- 3(picc)23(bcl)2 4231 t,p(2),pf,str,4-channel tape
- 12/30/1983 - 1/21/1984
- Lee G. Ray and Mark B. Dolson
- MS lost at CF Peters
MUSIC AND NATURE
The felt connection between music and nature is very old. To the ancient Chinese and Greeks, for instance, we owe two (albeit very different) cosmologies in which basic relations governing not only the harmony of the universe, but that of mankind as well, were seen derived from and embodied in the relationships found in music. Then later, after two thousand years of musico-numerical mysticism in the West, the confident rationality of the post-Middle Ages found in the acoustic materials of music (the overtone series, etc.) the basis for the always intuitively felt link.
Nowadays we are not so sure we know everything about what we hear in music. But still there persists the faith in art, and especially music, as a mirror of nature; and music admires the spontaneity that nature seems imbued with, while she still maintains the absolute identity and individuality of each object and process. Today, it begins to appear that the real connection between music and the natural world lies in the statistical similarity of the two phenomena, and this seems true whether one is speaking literally of the intensity fluctuations of the acoustic signal whereby we receive music, or more metaphorically and more interestingly, of the structure of music itself.
My work with computers addresses itself to these areas. While not at all unconcerned with using the computer to produce sound (in fact the computer generated track of Bamboula Squared implements a recent method of timbral modeling, based on a numerical analogy with the physical system represented by a plucked string), my main use of the computer simulates certain natural processes, which are employed to drive programs that actually create musical structures. The tape part for Bamboula Squaerd is made this way. You might say, then, that my use of the machine falls in the domain of artificial intelligence, as it creates situations in which-most emphatically according to my rules, taste, and judgement — a "music of nature" emerges from the mingling of traditional compositional values and approaches with numerical models of certain processes in the natural world.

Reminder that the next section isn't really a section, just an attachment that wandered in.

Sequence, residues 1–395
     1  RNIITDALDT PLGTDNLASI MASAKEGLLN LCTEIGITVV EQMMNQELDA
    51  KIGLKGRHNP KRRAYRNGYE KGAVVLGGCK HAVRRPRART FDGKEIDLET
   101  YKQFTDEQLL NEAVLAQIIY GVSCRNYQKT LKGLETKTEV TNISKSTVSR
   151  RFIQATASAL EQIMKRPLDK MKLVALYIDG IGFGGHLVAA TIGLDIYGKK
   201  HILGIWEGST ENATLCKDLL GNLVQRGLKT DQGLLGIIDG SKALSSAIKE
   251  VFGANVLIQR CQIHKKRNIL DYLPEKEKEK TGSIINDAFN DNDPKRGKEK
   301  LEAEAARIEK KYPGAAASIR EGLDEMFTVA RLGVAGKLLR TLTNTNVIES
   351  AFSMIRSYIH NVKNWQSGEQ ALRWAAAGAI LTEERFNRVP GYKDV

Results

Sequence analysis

Credit must be given: The initial stimulus came from my contact with the works of the French-American mathematician Benoit Mandelbrot whose remarkable work has had such universal influence.
"Big and splashy, rhythmically exciting...BAMBOULA packs a punch." Denver Post "Wuorinen writes music that breathes ... He is a skilled craftsman who writes with intelligence, sincerity and heart." San Francisco Examiner "Bursting with fun!" The Atlantic "Sixteen minutes of energetic, exhilarating music ... There's something sunlike about Wuorinen's best works: he cometh forth as a bridegroom out of his chamber, and rejoiceth as a giant to run his course." Andrew Porter, The New Yorker